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How to keep Dict[str, List] default method parameter as local to the method?


zljubisic at gmail.com wrote:

> Hi,
> 
> consider this example:
> 
> from typing import Dict, List
> 
> 
> class chk_params:
>     def execute(self, params: Dict[str, List] = None):
>         if params is None:
>             params = {}
> 
>         for k, v in params.items():
>             params[k] = [val + 10 for val in v]
> 
>         return params.values()
> 
> params = {
>     'A' : [1],
>     'B': [2],
>     'C': [3],
>     'D': [4],
>     'E': [5]
> }
> print(params)
> params_obj = chk_params()
> 
> print(params_obj.execute(params = params))
> print(params)
> 
> Output is:
> {'A': [1], 'B': [2], 'C': [3], 'D': [4], 'E': [5]}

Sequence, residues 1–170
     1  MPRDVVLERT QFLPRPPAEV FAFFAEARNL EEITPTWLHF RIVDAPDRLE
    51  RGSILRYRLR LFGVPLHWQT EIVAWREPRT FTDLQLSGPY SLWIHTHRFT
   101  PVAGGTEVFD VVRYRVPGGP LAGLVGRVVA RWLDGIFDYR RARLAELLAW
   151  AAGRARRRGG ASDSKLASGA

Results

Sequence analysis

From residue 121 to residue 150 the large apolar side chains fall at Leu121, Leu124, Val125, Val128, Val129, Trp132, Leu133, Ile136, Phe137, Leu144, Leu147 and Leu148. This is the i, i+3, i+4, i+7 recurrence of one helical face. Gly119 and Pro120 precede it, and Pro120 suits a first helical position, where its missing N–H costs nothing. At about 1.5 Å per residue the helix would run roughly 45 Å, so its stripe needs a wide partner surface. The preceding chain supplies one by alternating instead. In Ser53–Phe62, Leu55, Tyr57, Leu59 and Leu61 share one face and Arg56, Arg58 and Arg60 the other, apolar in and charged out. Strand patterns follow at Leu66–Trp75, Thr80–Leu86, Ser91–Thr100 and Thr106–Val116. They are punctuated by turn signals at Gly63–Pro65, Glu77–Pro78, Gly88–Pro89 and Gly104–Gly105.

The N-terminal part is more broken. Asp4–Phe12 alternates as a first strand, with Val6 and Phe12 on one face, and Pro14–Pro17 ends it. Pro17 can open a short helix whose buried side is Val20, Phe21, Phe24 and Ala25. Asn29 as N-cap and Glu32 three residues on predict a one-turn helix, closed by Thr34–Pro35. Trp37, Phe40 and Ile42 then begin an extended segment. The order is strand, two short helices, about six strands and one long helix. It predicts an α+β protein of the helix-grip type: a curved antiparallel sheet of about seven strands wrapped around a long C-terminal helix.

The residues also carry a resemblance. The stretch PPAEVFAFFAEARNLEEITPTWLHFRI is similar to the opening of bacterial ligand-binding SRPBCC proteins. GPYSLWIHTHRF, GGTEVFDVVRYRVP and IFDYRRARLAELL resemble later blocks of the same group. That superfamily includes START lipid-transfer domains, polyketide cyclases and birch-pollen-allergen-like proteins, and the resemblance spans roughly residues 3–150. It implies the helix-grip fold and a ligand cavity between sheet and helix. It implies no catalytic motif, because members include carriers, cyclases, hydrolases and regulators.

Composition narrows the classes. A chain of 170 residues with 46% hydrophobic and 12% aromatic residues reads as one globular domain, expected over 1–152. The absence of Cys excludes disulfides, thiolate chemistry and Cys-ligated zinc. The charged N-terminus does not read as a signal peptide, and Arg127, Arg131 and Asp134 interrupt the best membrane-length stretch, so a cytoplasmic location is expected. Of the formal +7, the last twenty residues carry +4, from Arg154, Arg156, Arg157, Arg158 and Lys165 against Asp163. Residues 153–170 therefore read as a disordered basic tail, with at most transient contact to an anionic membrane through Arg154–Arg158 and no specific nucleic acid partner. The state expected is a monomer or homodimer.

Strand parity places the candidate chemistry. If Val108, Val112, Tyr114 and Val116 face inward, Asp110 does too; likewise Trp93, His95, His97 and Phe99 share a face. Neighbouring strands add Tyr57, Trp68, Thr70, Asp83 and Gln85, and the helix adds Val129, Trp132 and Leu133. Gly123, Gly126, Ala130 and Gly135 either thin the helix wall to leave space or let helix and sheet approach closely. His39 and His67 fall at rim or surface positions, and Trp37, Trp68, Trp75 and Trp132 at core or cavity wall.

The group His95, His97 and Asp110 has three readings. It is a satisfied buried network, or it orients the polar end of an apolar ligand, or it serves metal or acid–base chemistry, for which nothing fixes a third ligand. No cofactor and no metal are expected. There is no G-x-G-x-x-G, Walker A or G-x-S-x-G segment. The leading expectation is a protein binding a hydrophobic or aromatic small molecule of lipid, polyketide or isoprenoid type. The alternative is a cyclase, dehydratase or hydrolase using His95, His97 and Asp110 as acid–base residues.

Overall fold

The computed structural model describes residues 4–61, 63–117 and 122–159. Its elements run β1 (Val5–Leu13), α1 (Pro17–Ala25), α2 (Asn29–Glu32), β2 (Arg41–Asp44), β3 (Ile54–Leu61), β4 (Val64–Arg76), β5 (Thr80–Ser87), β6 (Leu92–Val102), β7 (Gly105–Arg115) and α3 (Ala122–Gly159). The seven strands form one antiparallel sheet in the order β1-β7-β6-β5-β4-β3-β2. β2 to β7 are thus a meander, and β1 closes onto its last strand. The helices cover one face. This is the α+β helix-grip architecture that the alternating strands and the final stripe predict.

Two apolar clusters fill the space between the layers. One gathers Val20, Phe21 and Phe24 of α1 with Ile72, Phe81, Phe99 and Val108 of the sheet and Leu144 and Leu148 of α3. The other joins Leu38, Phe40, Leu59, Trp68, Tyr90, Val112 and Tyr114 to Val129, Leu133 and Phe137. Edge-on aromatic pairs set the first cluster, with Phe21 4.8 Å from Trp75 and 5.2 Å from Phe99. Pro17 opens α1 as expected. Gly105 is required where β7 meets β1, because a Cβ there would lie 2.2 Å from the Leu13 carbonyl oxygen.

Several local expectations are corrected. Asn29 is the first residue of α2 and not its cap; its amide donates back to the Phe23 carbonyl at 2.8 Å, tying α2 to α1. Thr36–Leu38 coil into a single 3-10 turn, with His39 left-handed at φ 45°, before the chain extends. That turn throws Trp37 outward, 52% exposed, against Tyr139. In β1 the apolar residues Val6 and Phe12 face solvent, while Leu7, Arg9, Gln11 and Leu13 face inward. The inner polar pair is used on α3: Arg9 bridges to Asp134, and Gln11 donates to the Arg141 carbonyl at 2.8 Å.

> dict_values([[11], [12], [13], [14], [15]])
> {'A': [11], 'B': [12], 'C': [13], 'D': [14], 'E': [15]}
> 
> I expected that last print statement will show original parameters A=1,
> B=2... but this is not the case.
> 
> How to construct the method parameters, with params parameter as type of
> Dict[str, List], but at the same time keep params as local dictionary to
> the chk_params.execute() method?

The type annotations are only a distraction here; let's give classical 
Python a chance with

- no type annotations
- no class
- dangerous default, for the thrill of it;)

def execute(params={}):
    return [[val + 10 for val in v] for v in params.values()]

Clean and simple.  If you insist on getting dict_values():

def execute(params={}):
    return {k: [val + 10 for val in v] for k, v in params.items()}.values()

The relevant takeaway is: if you don't want to modify a value, don't  modify 
it. Do not wait for a const modifier to save you.